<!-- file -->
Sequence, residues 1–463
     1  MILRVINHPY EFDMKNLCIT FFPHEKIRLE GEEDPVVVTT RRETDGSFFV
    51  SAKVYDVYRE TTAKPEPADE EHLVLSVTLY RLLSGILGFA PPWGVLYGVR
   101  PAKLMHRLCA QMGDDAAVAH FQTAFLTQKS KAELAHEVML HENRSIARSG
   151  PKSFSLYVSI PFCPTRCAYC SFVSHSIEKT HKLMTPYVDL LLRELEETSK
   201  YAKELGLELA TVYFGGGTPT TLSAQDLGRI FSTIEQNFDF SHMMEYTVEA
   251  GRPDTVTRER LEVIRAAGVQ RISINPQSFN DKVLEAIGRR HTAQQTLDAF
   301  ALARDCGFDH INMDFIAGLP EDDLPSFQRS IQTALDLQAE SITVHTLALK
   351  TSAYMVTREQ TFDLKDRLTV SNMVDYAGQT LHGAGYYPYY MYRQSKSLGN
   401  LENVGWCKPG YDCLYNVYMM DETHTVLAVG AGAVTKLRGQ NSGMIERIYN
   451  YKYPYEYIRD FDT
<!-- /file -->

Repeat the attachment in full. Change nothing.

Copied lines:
Sequence, residues 1–463
     1  MILRVINHPY EFDMKNLCIT FFPHEKIRLE GEEDPVVVTT RRETDGSFFV
    51  SAKVYDVYRE TTAKPEPADE EHLVLSVTLY RLLSGILGFA PPWGVLYGVR
   101  PAKLMHRLCA QMGDDAAVAH FQTAFLTQKS KAELAHEVML HENRSIARSG
   151  PKSFSLYVSI PFCPTRCAYC SFVSHSIEKT HKLMTPYVDL LLRELEETSK
   201  YAKELGLELA TVYFGGGTPT TLSAQDLGRI FSTIEQNFDF SHMMEYTVEA
   251  GRPDTVTRER LEVIRAAGVQ RISINPQSFN DKVLEAIGRR HTAQQTLDAF
   301  ALARDCGFDH INMDFIAGLP EDDLPSFQRS IQTALDLQAE SITVHTLALK
   351  TSAYMVTREQ TFDLKDRLTV SNMVDYAGQT LHGAGYYPYY MYRQSKSLGN
   401  LENVGWCKPG YDCLYNVYMM DETHTVLAVG AGAVTKLRGQ NSGMIERIYN
   451  YKYPYEYIRD FDT